Imagine you're having a new house built. Workers prepare the building site then a 6 metre tall crane-like gantry is brought in and installed on rails either side of the house. The machine rolls back and forth extruding fast-drying concrete and building up your house layer by layer. In

it's done, including conduits for electrical, plumbing and air-conditioning and the gantry is removed. The machine can create a 230 square metre house over a couple of working days. This

is being developed at the University of Southern California and uses contour crafting, a method of building by layering. The technology could be used for many purposes, including emergency housing and building habitats on other planets or the Moon. Just how much concrete is there on the Moon?


BOUNCING BALLS OF LIGHT: It takes a lot to put a mirror in space, so they're necessarily smaller than some astronomers would like. Scientists at the Swiss Federal Institute of Technology are exploring an idea that could create a huge mirror in space using lasers. They used a single laser to trap polystyrene beads 150 micrometres across against a sheet of glass. Because the beads were grouped together the light didn't bounce off in all directions but instead created a flat reflective surface that acted exactly like a mirror. The researchers hope that in future a mirror 35 metres across yet weighing only 100 grams could be possible, but acknowledge there are quite a few problems to solve first. And as for the notion of releasing polystyrene bedas in space …

FIRE THE MICROPARTICLES: After a heart attack inflammatory cells may turn up and damage the muscle tissue. Researchers at the University of Sydney found they could prevent major damage with an injection of microparticles less than 24 hours after the heart attack. What they injected were balls of a biodegradable compound, poly lactic-co-glycolic acid, 200 times smaller than the thickness of a human hair. The microparticles are picked up by the inflammatory cells and diverted to waste disposal systems and to the spleen. The microparticles could also help reduce inflammatory damage with problems like multiple sclerosis, inflammatory bowel disease, peritonitis, viral inflammation of the brain and kidney transplant. Clinical trials should begin within a couple of years. That's clever: distracting the inflammatory cells on their way to create mayhem.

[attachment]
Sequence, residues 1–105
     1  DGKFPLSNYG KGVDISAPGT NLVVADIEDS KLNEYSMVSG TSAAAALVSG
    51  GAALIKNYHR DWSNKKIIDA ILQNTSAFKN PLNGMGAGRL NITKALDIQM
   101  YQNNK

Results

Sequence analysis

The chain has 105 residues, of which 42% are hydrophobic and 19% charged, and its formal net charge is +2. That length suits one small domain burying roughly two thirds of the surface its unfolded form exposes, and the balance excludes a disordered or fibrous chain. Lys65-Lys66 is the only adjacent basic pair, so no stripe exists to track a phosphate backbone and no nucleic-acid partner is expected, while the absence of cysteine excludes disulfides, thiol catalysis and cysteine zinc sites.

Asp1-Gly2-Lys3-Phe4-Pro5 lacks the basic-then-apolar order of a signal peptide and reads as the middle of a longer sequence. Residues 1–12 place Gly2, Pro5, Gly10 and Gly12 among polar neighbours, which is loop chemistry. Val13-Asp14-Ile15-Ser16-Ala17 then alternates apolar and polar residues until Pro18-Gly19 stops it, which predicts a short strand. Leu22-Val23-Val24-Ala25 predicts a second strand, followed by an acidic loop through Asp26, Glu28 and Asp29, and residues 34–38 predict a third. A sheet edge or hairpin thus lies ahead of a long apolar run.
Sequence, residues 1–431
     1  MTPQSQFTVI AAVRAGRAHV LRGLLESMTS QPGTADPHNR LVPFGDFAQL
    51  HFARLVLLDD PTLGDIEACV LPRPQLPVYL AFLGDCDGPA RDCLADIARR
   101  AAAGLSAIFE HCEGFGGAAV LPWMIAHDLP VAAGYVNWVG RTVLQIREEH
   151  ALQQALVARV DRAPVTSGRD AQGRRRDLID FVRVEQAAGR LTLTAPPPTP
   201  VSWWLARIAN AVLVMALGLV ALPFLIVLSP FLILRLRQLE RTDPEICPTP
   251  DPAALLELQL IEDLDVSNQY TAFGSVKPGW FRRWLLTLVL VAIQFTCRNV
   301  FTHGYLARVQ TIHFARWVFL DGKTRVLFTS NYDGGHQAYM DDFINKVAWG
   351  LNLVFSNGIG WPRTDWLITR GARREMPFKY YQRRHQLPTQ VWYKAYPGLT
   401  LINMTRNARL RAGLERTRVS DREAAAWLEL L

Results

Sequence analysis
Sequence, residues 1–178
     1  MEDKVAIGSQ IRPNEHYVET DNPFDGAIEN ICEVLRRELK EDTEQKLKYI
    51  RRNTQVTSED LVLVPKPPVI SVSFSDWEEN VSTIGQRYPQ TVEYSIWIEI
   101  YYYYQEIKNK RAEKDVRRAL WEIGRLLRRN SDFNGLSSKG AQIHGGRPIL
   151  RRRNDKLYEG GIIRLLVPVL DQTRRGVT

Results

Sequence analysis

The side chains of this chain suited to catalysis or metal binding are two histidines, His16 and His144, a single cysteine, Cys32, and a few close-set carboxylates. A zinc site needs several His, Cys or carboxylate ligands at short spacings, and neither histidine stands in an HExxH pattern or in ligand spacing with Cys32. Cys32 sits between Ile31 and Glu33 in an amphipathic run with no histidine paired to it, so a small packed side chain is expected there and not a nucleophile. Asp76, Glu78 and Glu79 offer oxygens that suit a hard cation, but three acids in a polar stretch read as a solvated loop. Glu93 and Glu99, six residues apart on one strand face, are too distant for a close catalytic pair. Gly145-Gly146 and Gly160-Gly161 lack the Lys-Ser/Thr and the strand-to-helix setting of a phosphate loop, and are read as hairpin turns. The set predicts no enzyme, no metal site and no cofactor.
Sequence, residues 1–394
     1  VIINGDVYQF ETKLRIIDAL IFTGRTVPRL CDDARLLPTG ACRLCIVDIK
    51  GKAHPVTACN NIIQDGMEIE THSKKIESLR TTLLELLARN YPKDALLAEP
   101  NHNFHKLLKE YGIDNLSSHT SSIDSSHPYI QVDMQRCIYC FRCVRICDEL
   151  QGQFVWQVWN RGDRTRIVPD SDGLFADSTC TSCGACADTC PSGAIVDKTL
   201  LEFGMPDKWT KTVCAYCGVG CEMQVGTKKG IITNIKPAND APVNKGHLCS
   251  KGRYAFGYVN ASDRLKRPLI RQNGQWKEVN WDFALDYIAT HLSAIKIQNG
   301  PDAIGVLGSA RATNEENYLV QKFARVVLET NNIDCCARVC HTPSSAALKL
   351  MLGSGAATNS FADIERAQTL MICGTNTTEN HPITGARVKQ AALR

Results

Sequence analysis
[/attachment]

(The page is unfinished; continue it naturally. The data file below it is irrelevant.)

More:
SWEET EYES: Using miniature electronics embedded in a contact lens researchers at Google[x] hope to change how people with diabetes monitor their blood sugar. They've developed a lens that has a tiny wireless chip and a miniaturised glucose sensor embedded between two layers of soft contact lens material. Prototypes may be able to generate a reading once per second. The developers hope others will join them to take the prototype and develop apps and working lenses to change lives. OK, but somehow it will need to be charged up.

POWER STRIP: Researchers at the University of Illinois created piezoelectric strips that generate 0.2 microwatts per square centimetre of electricity when attached to a beating heart in animals roughly the same size as humans. That's enough energy to power a pacemaker. The lead zirconate titanate on a flexible silicone base conforms to the changing shape of a moving organ. Having demonstrated that the strips can successfully generate power the researchers now need to test what happens when the strips stay inside the body for a long time, perhaps years. There's a start to a wired body.

Miraz Jordan,